Sometimes learning a simple well known lesson has to happen the hard way. That happened to me last week. My project (the one I'm part of a team for) was just about done and ready to deploy when an odd error that's never occurred before popped up. A user couldn't save a payment for the total amount due. That's a big deal.
I started looking into the issue and found that it was a pretty standard issue with using a double in Java to hold monetary values. So I thought, a quick find and replace would take care of it, but it didn't.
BigDecimal is an object and needs to be treated like an object. It also does not have the + operator implemented, or the comparison operators. So it was a lot more than just replacing all instances of Double with BigDecimal. To further compound the problem I was using double in many places and I had to convert all of those to BigDecimal as well. Finally the constructor for BigDecimal can take a double and all of my unit tests were written as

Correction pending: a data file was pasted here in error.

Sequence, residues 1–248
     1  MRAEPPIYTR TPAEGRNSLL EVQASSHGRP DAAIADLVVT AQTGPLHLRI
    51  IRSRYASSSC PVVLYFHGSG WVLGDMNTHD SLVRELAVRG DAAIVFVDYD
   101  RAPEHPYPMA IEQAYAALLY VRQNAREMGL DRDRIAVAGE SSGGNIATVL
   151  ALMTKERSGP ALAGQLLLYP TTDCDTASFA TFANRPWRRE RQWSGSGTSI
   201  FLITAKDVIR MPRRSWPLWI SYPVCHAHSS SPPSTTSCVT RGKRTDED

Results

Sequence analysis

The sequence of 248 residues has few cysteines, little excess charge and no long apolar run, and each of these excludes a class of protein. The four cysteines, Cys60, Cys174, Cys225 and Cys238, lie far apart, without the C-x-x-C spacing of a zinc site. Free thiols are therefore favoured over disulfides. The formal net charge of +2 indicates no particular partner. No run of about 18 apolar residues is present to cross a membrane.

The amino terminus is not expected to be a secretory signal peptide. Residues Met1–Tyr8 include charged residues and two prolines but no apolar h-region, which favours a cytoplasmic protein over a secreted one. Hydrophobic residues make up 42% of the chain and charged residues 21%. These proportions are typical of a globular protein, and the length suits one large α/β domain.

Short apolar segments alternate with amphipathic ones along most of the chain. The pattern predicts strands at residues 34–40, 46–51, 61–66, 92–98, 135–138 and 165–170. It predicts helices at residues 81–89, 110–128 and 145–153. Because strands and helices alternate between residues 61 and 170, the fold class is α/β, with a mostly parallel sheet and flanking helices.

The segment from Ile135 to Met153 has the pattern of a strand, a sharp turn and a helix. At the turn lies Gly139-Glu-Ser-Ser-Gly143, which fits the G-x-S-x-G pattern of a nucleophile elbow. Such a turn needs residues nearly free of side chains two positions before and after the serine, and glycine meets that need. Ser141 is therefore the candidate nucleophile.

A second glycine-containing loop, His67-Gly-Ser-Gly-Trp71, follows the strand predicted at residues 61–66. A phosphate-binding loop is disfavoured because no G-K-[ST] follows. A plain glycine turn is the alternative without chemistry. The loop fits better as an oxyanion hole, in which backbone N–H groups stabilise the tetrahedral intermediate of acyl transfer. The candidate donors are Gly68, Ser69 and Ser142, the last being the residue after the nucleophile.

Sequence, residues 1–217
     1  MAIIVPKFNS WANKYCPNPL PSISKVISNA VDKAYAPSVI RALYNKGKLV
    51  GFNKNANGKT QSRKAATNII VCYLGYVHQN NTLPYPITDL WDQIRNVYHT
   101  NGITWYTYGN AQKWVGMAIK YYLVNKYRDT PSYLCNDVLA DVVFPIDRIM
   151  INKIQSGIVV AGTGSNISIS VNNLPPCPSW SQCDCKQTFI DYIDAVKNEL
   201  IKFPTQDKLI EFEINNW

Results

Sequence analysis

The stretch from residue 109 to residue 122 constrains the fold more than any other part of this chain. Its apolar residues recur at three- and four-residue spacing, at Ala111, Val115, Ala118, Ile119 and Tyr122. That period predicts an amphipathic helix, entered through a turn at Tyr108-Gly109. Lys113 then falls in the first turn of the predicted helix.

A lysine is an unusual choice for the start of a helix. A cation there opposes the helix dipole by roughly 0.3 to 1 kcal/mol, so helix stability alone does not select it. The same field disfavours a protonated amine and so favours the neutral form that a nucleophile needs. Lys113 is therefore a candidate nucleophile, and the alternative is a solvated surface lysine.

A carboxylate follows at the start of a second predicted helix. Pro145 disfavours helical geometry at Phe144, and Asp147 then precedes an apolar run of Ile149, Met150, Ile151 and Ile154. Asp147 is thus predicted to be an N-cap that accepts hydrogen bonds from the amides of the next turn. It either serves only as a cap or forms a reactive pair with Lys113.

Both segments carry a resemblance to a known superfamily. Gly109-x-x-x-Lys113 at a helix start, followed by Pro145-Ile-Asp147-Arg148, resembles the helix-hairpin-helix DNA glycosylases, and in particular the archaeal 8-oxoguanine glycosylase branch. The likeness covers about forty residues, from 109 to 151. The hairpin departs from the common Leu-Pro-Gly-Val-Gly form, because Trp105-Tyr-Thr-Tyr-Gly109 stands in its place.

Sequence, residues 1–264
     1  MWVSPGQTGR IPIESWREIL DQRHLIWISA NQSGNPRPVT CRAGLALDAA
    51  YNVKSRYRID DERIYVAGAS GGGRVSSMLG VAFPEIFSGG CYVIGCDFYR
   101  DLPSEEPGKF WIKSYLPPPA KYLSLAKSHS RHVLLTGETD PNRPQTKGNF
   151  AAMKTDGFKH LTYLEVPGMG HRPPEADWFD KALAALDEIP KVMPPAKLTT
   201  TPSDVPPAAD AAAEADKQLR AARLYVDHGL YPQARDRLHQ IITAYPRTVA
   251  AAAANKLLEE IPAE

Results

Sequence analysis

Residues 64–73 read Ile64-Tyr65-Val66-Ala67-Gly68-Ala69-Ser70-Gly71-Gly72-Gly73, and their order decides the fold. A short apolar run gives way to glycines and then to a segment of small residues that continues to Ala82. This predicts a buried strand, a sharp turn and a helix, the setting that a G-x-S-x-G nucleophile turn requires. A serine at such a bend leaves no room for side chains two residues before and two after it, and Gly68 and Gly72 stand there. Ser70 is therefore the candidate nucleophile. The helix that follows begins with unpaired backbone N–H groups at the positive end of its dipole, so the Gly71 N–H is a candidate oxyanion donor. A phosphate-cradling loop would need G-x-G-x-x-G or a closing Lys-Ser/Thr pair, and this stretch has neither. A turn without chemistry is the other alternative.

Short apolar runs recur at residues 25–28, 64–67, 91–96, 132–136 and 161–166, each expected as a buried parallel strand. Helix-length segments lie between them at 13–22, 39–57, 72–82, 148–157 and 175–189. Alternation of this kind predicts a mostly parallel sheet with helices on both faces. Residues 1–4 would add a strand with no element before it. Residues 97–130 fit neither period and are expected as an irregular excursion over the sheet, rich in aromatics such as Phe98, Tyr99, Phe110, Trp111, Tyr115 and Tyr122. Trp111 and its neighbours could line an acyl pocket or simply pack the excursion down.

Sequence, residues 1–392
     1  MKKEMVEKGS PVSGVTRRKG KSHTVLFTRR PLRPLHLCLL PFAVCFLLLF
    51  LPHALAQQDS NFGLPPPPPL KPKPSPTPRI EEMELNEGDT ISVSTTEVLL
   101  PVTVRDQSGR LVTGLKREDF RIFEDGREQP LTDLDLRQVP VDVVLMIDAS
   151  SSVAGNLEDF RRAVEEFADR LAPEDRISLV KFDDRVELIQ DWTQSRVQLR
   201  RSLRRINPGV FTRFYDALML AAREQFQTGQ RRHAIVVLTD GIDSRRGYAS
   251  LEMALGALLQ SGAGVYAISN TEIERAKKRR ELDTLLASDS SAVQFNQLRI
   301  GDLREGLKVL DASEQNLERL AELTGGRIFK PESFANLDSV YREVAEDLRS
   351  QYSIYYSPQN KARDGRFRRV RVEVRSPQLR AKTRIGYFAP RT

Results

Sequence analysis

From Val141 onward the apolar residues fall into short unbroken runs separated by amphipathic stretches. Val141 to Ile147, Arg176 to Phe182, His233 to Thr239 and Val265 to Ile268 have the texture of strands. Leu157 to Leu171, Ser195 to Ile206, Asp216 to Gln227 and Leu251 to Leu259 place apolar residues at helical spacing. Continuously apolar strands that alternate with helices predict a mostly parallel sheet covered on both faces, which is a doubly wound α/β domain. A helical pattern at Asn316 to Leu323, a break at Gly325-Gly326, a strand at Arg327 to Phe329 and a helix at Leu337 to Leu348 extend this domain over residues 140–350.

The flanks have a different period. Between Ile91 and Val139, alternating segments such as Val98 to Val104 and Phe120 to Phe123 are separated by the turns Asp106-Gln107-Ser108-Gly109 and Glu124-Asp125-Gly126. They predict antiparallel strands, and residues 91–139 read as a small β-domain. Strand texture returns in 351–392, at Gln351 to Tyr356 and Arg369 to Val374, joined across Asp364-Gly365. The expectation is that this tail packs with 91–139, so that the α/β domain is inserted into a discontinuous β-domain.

BigDecimal test = new BigDecimal(11.11);
However Java treats that as a double before putting it into the BigDecimal and that was causing the exact same floating point errors I had before. I had to change every one of my tests to use the String Constructor of
BigDecimal test = new BigDecimal("11.11");
All in all I modified about a thousand lines of code over two days because I didn't know ahead of time that I should have been using BigDecimal for money. This is a lesson I've learned and won't forget for the next time.